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The xx: Quiet Revolution

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Last time Dazed met The xx, they were bewildered teens who hadn't sold a record. A year later, they've shifted over a quarter of a million albums and everyone wants a piece of them. We spent some time with pop's shyest success story.

The first time I met The xx, it was only the second interview the band had ever done, and it took place in a sort of outsized cupboard in their record label’s office. This was where they were recording and self-producing their attempt at a debut album. They were a four-piece back then, all wide-eyed, humbly stoked and eagerly looking forward to finishing a record that they couldn’t believe “like, a real, actual label” had asked them to make. This was a year ago. They were still oblivious to all the crazy stuff that was about to happen. 

Black-clad, softly-spoken and completely polite to the letter, The xx of early 2009 talked about how they’d all known each other since childhood (front-duo Romy Madley-Croft and Oliver Sim have been best friends since infancy), how they formed the band at school when they were 16, and how they’ve never felt a part of any scene. They talked about skateboarding, about how “Beyoncé is the most exciting performer of our generation,” and about having no great message for the world beyond their music. 

They were obviously shy, modest kids, but the brilliance of their intimate and unclassifiable pop music seemed a real surprise, even to them. Romy and Oliver said that the only reason they started singing together was because they were too embarrassed to sing on their own, even in one another’s sole company. They avoided being gender-specific in the lyrics, they said, to avoid confusion about whether they were singing about boys, or girls, or boys and boys or girls and girls. “We never say ‘him’ or ‘her’,” Romy said. “It’s always just ‘you’.” 

In the year that followed, the school-friends’ meek expectations were touched by serendipity and catapulted into outer space. It’s been the most incongruously bonkers and batshit-busy time of their lives so far. The xx have peeled themselves from their south-west London bedrooms and recorded, released and promoted-the-shit-out-of a debut that has defied commercial expectation and driven critics across the board into a blissed-out frenzy of appreciation. At the end of 2009, their record showed up on so many end-of-year lists of critical highlights that it started to look like they had a monopoly on the British press. All the critical enthusiasm swelled gradually into frankly boggling commercial success: at the time of writing, xx is headed for sales of 300,000 worldwide. 90,000 of these have been in America, where their album currently sells between five and seven thousand copies a week.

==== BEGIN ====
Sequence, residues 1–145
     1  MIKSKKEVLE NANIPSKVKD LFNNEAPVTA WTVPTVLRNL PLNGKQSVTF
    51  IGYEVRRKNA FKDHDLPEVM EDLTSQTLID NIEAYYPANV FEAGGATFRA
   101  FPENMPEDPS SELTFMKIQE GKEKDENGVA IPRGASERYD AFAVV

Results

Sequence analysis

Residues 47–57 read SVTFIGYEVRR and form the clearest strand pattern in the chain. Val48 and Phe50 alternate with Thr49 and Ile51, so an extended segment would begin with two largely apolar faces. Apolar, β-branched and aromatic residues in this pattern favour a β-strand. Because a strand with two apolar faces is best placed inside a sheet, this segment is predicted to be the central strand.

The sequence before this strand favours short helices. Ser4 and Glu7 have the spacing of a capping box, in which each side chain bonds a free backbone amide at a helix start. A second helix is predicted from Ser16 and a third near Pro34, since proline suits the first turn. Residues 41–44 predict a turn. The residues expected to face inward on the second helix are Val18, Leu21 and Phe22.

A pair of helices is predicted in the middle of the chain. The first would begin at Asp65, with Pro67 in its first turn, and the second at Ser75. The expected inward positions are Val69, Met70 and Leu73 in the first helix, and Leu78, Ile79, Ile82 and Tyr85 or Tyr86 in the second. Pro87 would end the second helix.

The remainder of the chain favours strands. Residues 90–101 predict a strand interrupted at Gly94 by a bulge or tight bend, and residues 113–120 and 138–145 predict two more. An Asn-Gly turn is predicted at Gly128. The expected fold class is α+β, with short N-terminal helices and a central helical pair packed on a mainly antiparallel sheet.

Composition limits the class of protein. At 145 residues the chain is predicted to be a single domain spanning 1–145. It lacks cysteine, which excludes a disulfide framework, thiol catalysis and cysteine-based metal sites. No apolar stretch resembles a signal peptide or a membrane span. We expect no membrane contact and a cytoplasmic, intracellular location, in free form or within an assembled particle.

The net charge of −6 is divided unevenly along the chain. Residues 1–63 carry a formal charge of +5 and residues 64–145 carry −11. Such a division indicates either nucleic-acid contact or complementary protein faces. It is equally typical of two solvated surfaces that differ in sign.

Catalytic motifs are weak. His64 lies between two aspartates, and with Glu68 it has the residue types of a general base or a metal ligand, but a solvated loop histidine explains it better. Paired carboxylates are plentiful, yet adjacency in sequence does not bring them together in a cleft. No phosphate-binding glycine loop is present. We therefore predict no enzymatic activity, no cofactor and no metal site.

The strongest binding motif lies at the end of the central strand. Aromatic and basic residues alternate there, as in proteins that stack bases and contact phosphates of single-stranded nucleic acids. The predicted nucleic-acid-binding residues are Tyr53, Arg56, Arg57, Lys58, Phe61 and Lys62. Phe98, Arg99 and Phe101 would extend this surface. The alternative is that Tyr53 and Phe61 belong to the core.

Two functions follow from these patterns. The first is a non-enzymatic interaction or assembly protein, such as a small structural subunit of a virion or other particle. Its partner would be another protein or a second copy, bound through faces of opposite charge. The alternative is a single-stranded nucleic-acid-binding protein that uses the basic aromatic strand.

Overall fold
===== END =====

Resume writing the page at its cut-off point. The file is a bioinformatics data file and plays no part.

Since their album’s release, The xx have sold out every single live show they’ve ever announced, anywhere in the world. They were a venerated presence at what seemed like every festival last summer. Their drum-pads guy and in-house producer Jamie Smith has developed an acclaimed sideline in remixing and manufacturing beats for other acts. There is barely enough room in these pages, basically, to list these kids’ various astonishing achievements, all of which are all the more astonishing because theirs is such a slow-burning, understated, minimal sort of music. This is a band who are about as in-your-face as Uranus. It’s hard to recall a popular music act so quiet and so slow who have risen to such prominence, so loud and so fast. 

January 2010: one year on from our first interview, I am standing in a Berlin nightclub at full throb. This place is so much like the Berlin I’ve been told to expect that it’s weirding me out a bit – it looks like a onceglamorous but long-abandoned hotel, there are two big rooms replete with well-dressed stunners and pounding techno, and my retinas are getting burned off by green lasers. I’m new in town, and the third exchange with a German person that I have, after a taxi driver and a waitress, goes pretty much exactly like this: 

Boy asking me for a cigarette: You are from London? Let me guess why you are here: Fashion Week, yes?

Me: No. I’m here to see a band play tomorrow.

Him: What is this band?

Me: They’re called The xx.

Him: Oh my God! The xx! I LOVE this band The xx! I cannot believe it that these people zo young can make this music which is zo intellectual. This is absolutely the best album of 2009! 

You might think I made that bit up but I honestly didn’t. Even this guy put The xx’s album at the top of his end-of-year list. 

The next day, I go looking for everyone’s new favourite band. The xx have sold out their headline show here in Berlin twice over: they play one set at nine, then the crowd of 1800 get swapped over for another crowd of 1800, and then they play again around midnight. I find the band backstage at the venue, where they’re pottering about inoffensively. They’re at the end of another long European tour and they’re all in good spirits; buoyed up by beautiful Berlin and the prospect of a few days back home. They’re still wearing all black, but they’re looking sharper than ever these days; less like goths in black trainers and New Era hats, more like supra-cool bohemian intellectuals. Romy and Oliver are still in the habit of wearing loads of chains and metal trinkets slung long around their necks. I make a mental note never to push either of them into deep water without warning.